Did I get paid more as time went on because of experience? Quality of my skillset? Was the job more complex? Was I better at advocating for a higher wage? Does my pay range increase with my age & time? Or is it just that minimum wage has more than doubled since I started working? Or maybe because I have accumulated more education credentials?

These are a lot of the expectations & questions I hear from clients struggling with 'what they are paid.' They want the answers to be 'about them.' They are doing a job - and angry about that job - because they aren't being paid what they feel THEY are worth.

What you are paid is not what YOU are worth.

What you are paid is what the JOB you are doing is worth.

I hear these 2 comments most often: "I'm worth more than this!" or "I'm not being paid enough." (Also spoken as: I have a higher skillset than this pay acknowledges!)

Let's get something straight - you are not being paid what you or your skillset is worth.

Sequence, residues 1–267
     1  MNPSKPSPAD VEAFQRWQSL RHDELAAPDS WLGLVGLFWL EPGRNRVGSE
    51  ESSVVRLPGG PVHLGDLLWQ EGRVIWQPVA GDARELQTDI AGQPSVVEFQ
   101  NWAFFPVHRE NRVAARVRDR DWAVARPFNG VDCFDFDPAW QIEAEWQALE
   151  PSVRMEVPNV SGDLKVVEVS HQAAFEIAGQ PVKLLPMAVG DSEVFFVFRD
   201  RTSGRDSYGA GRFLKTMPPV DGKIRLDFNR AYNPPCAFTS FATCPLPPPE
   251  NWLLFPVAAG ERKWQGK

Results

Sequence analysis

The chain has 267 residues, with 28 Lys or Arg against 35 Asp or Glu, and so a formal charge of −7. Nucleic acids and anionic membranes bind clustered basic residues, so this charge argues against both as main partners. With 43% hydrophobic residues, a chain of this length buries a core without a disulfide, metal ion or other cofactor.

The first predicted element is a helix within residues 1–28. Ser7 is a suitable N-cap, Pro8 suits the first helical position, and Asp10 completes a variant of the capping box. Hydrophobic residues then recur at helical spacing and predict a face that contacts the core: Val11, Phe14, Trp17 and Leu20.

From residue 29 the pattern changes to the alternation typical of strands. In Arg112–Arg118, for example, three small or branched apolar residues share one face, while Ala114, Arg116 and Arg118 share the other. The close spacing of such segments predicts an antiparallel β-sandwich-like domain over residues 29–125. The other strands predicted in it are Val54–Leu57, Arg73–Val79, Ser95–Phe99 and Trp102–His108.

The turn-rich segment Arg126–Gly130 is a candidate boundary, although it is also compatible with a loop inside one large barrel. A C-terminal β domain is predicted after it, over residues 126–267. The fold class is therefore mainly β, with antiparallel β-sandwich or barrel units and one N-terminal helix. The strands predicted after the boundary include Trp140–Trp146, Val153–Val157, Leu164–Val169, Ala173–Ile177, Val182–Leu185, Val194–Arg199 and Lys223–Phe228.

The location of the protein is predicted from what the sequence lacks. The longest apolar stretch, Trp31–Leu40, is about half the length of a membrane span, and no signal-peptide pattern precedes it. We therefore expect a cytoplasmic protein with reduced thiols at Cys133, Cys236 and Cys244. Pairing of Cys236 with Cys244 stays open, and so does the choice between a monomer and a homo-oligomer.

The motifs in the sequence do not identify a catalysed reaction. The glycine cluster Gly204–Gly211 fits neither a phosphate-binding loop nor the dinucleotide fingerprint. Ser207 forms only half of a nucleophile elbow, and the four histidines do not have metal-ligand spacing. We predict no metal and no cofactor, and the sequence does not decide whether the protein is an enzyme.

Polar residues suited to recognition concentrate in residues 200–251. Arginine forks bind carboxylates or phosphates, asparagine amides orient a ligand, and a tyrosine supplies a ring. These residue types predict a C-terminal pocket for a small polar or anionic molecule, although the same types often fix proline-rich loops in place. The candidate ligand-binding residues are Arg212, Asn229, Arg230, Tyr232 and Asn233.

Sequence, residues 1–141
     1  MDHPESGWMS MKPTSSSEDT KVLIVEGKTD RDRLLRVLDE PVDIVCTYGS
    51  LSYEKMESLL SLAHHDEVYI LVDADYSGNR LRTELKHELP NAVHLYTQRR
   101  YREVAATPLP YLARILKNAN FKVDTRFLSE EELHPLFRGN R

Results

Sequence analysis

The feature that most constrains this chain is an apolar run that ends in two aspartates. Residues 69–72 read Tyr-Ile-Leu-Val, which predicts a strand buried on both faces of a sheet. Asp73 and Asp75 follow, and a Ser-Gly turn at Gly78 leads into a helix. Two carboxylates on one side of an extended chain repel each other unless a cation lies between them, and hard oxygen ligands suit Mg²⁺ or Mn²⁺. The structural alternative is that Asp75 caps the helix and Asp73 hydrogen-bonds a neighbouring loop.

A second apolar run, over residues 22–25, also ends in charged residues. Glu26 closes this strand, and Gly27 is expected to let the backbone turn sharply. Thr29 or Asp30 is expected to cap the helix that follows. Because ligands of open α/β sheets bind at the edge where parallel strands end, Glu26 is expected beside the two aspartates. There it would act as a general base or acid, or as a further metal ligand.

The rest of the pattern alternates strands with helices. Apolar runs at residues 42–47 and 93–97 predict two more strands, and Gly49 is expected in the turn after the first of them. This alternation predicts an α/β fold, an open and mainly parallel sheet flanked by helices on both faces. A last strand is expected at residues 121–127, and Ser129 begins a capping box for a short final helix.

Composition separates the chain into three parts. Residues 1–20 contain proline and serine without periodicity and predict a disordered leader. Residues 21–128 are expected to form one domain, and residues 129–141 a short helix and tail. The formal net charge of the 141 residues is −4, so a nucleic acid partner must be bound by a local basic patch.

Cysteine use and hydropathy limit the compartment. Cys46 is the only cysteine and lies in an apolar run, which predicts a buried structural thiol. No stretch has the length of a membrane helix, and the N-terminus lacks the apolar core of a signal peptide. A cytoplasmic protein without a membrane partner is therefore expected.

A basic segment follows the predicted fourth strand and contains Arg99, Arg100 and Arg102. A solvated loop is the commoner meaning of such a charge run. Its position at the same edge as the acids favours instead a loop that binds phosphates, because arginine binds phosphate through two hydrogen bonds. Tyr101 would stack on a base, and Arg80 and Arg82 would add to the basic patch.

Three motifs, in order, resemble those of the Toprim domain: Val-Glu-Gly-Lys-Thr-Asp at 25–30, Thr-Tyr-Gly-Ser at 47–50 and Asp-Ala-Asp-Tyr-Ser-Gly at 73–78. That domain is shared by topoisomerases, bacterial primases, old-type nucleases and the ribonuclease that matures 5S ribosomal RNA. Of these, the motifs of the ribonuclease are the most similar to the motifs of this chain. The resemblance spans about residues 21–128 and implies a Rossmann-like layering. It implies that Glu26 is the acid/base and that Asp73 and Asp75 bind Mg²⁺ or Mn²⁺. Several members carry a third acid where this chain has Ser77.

You are being paid what the job you are completing is worth.

(Photo Below taken at age 28.)

If you have training as a graphic designer, but took multiple years off to raise 3 children, then felt the need to take a job stocking grocery shelves to have schedule flexibility for your family & get paid just over minimum wage - don't complain that you're not being 'paid enough.' Stocking shelves requires little more than 2 hands & a heart beat.

If you have an extensive background in one profession that you lost interest in, have decided to build an independent business out of a passion-project side-hustle but have also taken work as a server to make ends meet, even though you hate it - don't be pissed that serving feels like chump change.

If you're running your own business & creating your own rates but don't feel like you're making 'enough' or that people wont pay what 'you are worth' - you need to change that idea & language. They aren't paying for YOU - they are paying for the service you are providing, which has an industry standard range. You might be in the novice range or expert range (which will determine your reputation & quality of clients you have access to and what you can charge - which influences what you will be paid - again, not your worth.)